Or at least, that was an apt description of last night. There was nothing for it but to go for a ride. Some might have questioned the wisdom of going for a ride the night after a 171km jaunt the day before, but I really wanted to do another decent night ride. I'd originally planned to ride out to Canungra and meet an old friend for the climb to O'Reillys, but apparently he didn't fancy the weather. In the end, I decided to ride the old Numinbah Valley circuit, but in reverse this time around.
The early part of the ride through the suburbs was uneventful, but I started to feel the early climbs of Bilambil and Hogans Road. It was when I dropped into the John Hogan rainforest (and the glow worms), that the rain really started. Surprisingly, the final descent into the Tweed Valley wasn't as nasty as I expected (Hogans rd really has some nasty bends). My legs didn't fancy the westerly wind on the road that bypasses Murwillumbah, and eventually onto Chillingham, but this stretch of road was still beaten without too many problems.
After Chillingham comes the climb of the Macpherson Range, and to the border. It's ups and downs without any real gain for the first few km, before the climb really kicks. This was actually a perfect night to do this climb, while it was overcast and raining, there was still enough moonlight to create the silhouette of the clouds on the mountains surrounding. That was until I hit the really steep part, and the mist intensified. Now it was difficult to see anything -- the road has no line markings, all I could see were the little reflectors on the sign posts on the side of the road. Allied to this, the road was too slippery for getting out of the saddle, the sign at the top says the gradient is 25%. I'm not convinced about that, but 15% wouldn't be exaggerating.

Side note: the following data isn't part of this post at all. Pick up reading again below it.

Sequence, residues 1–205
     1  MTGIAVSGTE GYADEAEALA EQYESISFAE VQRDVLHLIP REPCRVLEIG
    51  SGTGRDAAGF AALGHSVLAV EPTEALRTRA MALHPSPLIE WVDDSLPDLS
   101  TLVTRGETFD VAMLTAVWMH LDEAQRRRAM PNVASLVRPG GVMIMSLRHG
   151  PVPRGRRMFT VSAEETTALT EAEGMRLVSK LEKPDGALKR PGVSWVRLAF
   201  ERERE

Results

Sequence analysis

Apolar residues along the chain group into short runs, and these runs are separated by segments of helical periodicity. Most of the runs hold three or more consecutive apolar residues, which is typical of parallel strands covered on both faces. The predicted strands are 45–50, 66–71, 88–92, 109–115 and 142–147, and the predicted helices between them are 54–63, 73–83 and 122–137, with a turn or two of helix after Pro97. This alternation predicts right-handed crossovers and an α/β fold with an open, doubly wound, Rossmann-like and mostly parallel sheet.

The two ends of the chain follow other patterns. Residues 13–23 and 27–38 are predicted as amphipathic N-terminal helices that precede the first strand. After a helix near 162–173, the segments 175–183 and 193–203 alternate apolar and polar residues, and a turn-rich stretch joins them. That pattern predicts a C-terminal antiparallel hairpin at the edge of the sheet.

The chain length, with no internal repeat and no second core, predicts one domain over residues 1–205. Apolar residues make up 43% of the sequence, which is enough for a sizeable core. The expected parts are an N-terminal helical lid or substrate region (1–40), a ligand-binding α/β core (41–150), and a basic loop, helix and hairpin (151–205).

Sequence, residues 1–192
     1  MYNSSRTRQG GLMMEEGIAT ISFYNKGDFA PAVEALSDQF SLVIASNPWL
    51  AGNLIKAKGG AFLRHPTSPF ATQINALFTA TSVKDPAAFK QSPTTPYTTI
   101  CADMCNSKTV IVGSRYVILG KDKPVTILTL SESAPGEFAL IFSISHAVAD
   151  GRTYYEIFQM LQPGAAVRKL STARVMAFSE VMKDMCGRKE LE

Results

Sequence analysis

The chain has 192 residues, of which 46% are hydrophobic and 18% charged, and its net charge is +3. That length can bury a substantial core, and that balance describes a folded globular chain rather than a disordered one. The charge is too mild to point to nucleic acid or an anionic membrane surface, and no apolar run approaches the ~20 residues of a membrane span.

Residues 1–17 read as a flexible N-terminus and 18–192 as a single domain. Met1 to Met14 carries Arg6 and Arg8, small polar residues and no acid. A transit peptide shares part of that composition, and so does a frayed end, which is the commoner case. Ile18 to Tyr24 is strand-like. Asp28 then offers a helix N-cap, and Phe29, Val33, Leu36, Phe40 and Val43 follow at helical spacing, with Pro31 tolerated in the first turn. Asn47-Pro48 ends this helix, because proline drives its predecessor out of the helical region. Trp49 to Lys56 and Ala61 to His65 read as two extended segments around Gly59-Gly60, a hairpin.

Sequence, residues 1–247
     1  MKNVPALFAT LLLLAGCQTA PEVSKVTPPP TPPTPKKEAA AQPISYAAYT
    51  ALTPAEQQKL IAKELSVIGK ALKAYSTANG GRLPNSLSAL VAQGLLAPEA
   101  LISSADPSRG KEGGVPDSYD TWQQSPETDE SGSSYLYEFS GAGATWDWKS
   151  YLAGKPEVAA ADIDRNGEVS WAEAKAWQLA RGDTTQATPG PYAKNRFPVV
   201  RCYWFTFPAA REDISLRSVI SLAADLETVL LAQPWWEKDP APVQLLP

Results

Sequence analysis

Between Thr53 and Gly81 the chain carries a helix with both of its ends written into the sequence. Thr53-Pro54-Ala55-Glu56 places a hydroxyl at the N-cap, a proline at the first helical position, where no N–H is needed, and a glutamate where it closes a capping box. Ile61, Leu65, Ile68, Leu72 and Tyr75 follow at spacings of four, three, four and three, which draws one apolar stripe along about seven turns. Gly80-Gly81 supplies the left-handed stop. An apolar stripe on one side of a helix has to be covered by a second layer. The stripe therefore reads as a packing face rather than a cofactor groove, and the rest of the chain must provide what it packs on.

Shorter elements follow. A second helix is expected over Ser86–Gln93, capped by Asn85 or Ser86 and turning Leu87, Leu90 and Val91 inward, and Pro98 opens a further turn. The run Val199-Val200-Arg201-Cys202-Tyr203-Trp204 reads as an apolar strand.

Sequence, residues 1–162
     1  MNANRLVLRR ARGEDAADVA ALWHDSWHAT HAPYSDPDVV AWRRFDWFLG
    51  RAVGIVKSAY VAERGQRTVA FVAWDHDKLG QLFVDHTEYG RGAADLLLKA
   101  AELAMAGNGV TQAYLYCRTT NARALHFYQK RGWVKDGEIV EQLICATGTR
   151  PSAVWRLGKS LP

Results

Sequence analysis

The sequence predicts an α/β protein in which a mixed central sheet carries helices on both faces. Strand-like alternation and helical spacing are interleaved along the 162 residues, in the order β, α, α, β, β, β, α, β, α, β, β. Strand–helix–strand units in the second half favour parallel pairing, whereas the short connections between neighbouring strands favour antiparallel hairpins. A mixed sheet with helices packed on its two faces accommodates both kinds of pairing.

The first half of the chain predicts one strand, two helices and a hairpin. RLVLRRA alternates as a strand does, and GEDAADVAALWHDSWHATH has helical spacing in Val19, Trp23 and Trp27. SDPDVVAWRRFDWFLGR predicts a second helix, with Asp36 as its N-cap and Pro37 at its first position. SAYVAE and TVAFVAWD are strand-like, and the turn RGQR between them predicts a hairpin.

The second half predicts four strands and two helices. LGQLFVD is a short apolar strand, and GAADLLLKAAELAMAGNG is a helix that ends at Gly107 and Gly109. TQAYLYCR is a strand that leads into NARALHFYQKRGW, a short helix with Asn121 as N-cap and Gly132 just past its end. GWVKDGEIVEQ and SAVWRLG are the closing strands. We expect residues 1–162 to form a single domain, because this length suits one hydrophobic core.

Then I noticed something about the reflectors, the gradient seemed to be easing a little just up the road. I hammered the pedals, climbing the last few metres as the rain kicked in again. Through the border gate, still couldn't see a thing, but the climb was over. It was a fast descent back into the Numinbah Valley, dropping out of the immediate mist to more amazing scenes of clouds gathering on mountains in moonlight. Eventually the road established a flat run with a tailwind through the valley, but the incidents weren't over yet.
Ahead I saw a group of hoons spinning ridiculously before heading off on the Springbrook Road. I'd see them again another couple of times, I'm not going to speculate on what they were doing until I'm convinced they've figured it out themselves. I even found time to offer assistance to someone whose car had broken down out there (not that I could have done much about it). Contrary to popular belief, I am actually a reasonable person.
A late twist on the ride was the 10km section through Advancetown to Clagiraba, a series of short, sharp climbs. I found the energy to attack the late ones, just as I did the 10% grade of Alexander Drive near Nerang which is the start of suburbia. Now I was almost home, and not a minute too soon either. Tired as my legs were feeling at that point, I had been surprised at the time I'd made to get back from the top of the Numinbah climb. Maybe the wind was stronger than I thought.
Final impressions? Well, it's difficult to quantify as a training ride for the Midnight Century because it followed a long ride the day before. I will say that riding late at night provides a definite mental challenge that isn't there during the day. It's a time when the muscle fibres would normally be sleeping, and aren't afraid to make it clear. Sometimes, however, a beacon on the horizon can overcome this, and these can be found in the most unlikely places.